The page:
filtering_in_finance - Filtering in Finance Alireza...

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2 Wilmott magazine Alireza Javaheri, RBC Capital Markets Delphine Lautier, Université Paris IX, Ecole Nationale Supérieure des Mines de Paris Alain Galli, Ecole Nationale Supérieure des Mines de Paris Filtering in Finance Further, we shall provide a mean to estimate the model parameters via the maximization of the likelihood function. 1.1 The Simple and Extended Kalman Filters 1.1.1 Background and Notations In this section we describe both the traditional Kalman Filter used for lin- ear systems and its extension to nonlinear systems known as the Extended Kalman Filter (EKF). The latter is based upon a first order linearization of the transition and measurement equations and therefore would coincide with the traditional filter when the equations are linear. For a detailed introduction, see Harvey (1989) or Welch and Bishop (2002). Given a dynamic process x k following a transition equation x k = f ( x k 1 , w k ) (1) we suppose we have a measurement z k such that z k = h ( x k , u k ) (2) where w k and u k are two mutually-uncorrelated sequences of temporally- uncorrelated Normal random-variables with zero means and covariance matrices Q k , R k respectively 4 . Moreover, w k is uncorrelated with x k 1 and u k uncorrelated with x k . 1 Filtering The concept of filtering has long been used in Control Engineering and Signal Processing. Filtering is an iterative process that enables us to esti- mate a model’s parameters when the latter relies upon a large quantity of observable and unobservable data. The Kalman Filter is fast and easy to implement, despite the length and noisiness of the input data. We suppose we have a temporal time-series of observable data z k ( e.g. stock prices as in Javaheri (2002), Wells (1996), interest rates as in Babbs and Nowman (1999), Pennacchi (1991), futures prices as in Lautier (2000), Lautier and Galli (2000)) and a model using some unobservable time- series x k ( e.g. volatility, correlation, convenience yield) where the index k corresponds to the time-step. This will allow us to construct an algo- rithm containing a transition equation linking two consecutive unob- servable states, and a measurement equation relating the observed data to this hidden state. The idea is to proceed in two steps: first we estimate the hidden state a priori by using all the information prior to that time-step. Then using this predicted value together with the new observation, we obtain a con- ditional a posteriori estimation of the state. In what follows we shall first tackle linear and nonlinear equations with Gaussian noises. We then will extend this idea to the Non-Gaussian case. Abstract In this article we present an introduction to various Filtering algorithms and some of their applications to the world of Quantitative Finance. We shall first mention the fundamental case of Gaussian noises where we obtain the well-known Kalman Filter.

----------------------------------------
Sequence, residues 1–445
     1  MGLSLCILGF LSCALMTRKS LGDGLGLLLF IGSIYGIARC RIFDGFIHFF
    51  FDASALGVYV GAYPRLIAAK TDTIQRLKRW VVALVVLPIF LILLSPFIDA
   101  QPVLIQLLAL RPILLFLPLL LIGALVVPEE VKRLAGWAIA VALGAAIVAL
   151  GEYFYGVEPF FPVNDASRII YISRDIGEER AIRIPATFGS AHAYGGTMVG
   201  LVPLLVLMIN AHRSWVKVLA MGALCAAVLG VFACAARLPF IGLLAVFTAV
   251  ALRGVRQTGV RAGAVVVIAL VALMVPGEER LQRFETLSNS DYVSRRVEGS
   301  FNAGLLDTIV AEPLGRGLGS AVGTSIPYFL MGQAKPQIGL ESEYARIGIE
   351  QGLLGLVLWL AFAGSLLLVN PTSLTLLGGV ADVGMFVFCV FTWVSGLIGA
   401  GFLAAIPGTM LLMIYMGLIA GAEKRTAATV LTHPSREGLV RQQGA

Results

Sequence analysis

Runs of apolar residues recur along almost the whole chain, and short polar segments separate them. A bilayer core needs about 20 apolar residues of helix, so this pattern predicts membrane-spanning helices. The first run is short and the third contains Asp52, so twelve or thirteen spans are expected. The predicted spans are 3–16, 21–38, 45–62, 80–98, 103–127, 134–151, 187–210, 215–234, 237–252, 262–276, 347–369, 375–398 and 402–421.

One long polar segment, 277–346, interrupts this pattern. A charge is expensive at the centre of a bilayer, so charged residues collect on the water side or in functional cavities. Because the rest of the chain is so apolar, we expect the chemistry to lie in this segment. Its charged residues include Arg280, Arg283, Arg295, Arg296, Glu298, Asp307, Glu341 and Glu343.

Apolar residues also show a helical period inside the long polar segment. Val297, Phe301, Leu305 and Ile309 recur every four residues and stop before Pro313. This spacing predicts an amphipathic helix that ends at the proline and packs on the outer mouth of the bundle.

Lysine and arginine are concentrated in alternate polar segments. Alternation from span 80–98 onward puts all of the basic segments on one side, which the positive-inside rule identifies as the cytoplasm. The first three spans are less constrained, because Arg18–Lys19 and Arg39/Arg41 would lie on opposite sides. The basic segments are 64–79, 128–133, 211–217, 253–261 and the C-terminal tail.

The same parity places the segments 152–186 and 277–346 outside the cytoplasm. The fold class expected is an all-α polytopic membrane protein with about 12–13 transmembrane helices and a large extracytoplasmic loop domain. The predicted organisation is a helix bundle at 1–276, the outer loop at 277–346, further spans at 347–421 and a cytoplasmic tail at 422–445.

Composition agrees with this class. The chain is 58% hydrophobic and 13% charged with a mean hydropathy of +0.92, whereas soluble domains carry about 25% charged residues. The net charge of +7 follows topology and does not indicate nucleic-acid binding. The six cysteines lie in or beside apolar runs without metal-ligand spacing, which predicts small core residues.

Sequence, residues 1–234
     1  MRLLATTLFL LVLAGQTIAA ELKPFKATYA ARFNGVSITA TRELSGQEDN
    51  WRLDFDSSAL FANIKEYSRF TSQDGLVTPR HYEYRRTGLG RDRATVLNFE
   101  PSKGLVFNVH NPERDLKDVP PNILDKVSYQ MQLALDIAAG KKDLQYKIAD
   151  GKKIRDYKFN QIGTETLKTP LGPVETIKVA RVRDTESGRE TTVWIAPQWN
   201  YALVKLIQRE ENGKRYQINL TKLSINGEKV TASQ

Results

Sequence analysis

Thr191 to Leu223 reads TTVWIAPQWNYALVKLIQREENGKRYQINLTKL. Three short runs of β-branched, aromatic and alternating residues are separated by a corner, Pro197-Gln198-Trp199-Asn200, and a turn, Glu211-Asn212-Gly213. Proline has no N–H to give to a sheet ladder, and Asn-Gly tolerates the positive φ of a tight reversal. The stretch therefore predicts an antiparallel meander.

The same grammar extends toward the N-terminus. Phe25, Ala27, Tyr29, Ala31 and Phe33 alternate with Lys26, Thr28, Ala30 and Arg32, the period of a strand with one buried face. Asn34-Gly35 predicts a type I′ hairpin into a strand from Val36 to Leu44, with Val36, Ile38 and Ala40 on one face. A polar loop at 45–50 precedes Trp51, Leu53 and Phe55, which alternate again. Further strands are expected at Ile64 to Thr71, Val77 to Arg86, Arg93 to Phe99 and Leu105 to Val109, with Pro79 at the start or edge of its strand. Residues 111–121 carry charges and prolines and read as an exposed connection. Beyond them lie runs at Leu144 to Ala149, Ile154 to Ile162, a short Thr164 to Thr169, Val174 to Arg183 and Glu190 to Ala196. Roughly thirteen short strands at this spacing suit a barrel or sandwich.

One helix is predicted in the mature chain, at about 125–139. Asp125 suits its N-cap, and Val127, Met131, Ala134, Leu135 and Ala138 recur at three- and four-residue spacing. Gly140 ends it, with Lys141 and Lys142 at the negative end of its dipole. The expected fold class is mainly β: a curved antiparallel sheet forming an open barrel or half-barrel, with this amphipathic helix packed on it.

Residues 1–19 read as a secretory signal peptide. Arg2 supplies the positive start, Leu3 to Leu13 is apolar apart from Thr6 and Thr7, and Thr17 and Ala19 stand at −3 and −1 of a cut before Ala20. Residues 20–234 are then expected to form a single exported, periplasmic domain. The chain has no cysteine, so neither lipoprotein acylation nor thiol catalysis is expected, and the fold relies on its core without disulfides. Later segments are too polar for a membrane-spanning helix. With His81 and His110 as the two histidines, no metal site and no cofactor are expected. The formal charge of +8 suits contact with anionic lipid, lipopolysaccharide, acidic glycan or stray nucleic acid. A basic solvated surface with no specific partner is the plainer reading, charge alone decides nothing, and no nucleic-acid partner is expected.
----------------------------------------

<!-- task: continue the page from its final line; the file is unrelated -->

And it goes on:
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filtering_in_finance - Filtering in Finance Alireza...

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